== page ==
The main river gently meanders towards Somerleyton. There is a water ski zone between Oulton Dyke and Somerleyton, beware of the wash caused by the speed boats as they pass by.
Over on the right is the railway run by Wherry Lines. The track crosses the River Waveney at Somerleyton and accompanies the river to St Olaves where it runs adjacent to the New Cut up to Reedham.
The hills on the right are an attractive feature of the landscape here and run all the way to Burgh Castle. There are a number of informal moorings places on this section of the river but be mindful of the rise and fall of the tide, especially after heavy rain.
3 miles below Oulton Dyke is Somerleyton Swing Bridge. The bridge was built in 1905 and requires regular maintenance. It is a requirement in law that the bridge opens to allow the passage of river traffic. The bridge has a clearance of 8 ft 6 in at average high water. On the left before the bridge are some pontoon moorings. These are reserved for craft waiting for the bridge to open. To request a bridge opening call on VHF Ch12 or give three long blasts on the horn. There may be a wait of up to 20 minutes for trains to clear the area. If two red flags are flying then unfortunately the bridge is inoperable.
On the right after the bridge is the entrance to a private marina and beyond the Somerleyton BA Moorings. The tide is apt to flow fast here with quite a bit of wind coming off the marshes so care is needed.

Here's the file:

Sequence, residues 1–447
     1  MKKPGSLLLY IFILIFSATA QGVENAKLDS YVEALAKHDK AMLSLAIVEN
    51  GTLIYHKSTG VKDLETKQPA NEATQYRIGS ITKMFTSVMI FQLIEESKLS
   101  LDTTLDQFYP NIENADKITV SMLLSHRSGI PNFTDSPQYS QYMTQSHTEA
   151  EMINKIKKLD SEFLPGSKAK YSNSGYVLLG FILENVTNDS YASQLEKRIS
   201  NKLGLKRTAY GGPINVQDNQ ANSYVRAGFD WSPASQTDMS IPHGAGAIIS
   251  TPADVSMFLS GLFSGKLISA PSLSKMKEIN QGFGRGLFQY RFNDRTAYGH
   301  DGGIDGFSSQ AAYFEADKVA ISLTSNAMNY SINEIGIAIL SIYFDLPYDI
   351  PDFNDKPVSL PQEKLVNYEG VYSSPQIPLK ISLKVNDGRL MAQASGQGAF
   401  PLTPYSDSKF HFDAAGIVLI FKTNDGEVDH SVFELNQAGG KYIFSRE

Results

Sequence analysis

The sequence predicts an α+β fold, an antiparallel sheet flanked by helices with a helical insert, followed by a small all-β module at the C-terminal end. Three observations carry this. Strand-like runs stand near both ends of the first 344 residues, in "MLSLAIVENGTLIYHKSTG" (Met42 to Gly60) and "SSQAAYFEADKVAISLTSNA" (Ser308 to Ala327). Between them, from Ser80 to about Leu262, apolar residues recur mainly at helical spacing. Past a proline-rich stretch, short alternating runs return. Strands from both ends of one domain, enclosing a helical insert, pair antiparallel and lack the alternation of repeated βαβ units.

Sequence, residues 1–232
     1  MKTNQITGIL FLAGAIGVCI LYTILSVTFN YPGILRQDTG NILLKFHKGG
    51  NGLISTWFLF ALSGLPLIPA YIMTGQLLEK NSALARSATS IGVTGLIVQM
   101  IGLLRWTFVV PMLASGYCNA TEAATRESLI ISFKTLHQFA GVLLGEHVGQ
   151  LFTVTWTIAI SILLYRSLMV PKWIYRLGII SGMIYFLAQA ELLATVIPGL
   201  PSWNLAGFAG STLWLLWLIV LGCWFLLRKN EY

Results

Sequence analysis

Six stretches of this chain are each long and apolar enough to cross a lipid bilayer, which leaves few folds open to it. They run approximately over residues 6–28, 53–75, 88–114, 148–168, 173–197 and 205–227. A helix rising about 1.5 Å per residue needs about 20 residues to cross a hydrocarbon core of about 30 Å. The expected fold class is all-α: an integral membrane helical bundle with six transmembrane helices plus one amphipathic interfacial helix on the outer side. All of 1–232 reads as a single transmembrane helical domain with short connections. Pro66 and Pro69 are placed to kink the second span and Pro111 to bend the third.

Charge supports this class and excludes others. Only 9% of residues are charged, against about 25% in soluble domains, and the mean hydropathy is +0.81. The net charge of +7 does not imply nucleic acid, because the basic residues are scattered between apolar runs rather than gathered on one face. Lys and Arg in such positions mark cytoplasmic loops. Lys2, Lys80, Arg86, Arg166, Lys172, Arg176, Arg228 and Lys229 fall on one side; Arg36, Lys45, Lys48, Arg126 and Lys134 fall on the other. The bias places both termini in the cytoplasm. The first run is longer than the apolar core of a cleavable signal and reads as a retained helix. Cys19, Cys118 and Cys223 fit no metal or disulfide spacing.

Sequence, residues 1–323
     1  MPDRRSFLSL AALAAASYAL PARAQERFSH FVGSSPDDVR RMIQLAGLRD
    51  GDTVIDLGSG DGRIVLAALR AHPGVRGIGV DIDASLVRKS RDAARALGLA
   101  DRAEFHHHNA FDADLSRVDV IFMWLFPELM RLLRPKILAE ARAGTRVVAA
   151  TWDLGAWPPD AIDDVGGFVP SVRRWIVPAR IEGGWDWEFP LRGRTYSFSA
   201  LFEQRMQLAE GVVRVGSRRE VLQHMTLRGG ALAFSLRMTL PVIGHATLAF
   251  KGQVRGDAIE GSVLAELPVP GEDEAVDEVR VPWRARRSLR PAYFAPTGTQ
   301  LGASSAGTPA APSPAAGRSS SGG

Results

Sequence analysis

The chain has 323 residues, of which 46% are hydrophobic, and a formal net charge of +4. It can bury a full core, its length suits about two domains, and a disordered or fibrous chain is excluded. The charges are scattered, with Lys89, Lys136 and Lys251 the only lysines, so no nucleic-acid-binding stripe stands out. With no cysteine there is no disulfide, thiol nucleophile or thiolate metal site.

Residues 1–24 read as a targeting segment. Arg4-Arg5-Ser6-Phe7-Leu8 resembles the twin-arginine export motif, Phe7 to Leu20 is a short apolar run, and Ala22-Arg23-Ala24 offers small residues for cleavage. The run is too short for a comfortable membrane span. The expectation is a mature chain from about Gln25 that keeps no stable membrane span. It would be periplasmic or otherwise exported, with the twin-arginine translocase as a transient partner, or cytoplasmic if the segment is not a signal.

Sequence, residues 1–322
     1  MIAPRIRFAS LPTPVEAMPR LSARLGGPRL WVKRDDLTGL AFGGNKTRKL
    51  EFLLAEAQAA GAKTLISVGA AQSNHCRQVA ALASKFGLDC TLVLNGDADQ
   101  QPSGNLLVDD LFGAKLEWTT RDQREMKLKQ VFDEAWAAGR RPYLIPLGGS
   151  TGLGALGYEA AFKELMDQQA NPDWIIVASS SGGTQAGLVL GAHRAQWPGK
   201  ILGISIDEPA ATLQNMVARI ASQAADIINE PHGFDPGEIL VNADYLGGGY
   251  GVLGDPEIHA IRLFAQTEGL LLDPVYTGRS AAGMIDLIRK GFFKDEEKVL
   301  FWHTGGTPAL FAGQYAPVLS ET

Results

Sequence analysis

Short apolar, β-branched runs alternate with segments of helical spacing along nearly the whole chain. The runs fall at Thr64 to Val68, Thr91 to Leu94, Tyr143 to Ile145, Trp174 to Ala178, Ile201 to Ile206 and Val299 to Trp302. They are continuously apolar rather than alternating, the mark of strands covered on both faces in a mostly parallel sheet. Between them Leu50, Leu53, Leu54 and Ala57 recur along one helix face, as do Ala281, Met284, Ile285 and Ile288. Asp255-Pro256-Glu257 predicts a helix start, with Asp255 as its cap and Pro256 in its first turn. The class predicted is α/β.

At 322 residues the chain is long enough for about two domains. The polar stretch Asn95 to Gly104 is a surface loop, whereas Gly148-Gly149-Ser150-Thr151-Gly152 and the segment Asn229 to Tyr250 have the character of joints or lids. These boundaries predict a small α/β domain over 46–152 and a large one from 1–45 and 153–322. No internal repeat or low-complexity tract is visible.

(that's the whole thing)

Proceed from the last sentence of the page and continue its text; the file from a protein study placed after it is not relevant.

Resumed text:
The attractive village of Somerleyton with its thatched cottages, village green and pond is a short walk from the staithe. Further away but still within walking distance is Somerleyton Hall and Gardens. The gardens include a Yew hedge maze that will interest children of all ages. The red bricked Dukes Head is a few minutes walk along Staithe Lane and serves food sourced locally and Suffolk real ales. The pub has a attractive beer garden with a small children’s play area. There is a good view of Somerleyton Swing Bridge from the southern most section of the Broads Authority Moorings.
The river continues through Herringfleet Marshes. The marshes stretch from Somerleyton to St Olaves and are overlooked by Herringfleet Hills, part of the Somerleyton Estate. Recently the hills have been classed as open country as defined under the CRoW Act. Together with the Broads Authority the estate has opened up the area to walkers and provided a car park and way marked paths leading to Herringfleet Smock Mill.
Herringfleet Smock Mill
Herringfleet Smock Mill is of wooden construction and was built to drain the marshes. It was built in the 1800’s and was used up until the 1950’s it is the last remaining mill of its type on the Broads. The sails can be moved into the wind by hand using the tail pole and winch. The scoop wheel housed outside the mill would pass the water from the dyke and empty it into the river. The mill can still pump up to 2000 gallons a minute in a stiff breeze. A steam driven pump later replaced it and now an electric pump provides drainage for the surrounding marshes.
The mill can be see in operation wind permitting during National Mills Weekend held in early May and on occasional Sundays during the summer months.
On the right bank a little down stream is Herringfleet Broads Authority 24 hour moorings.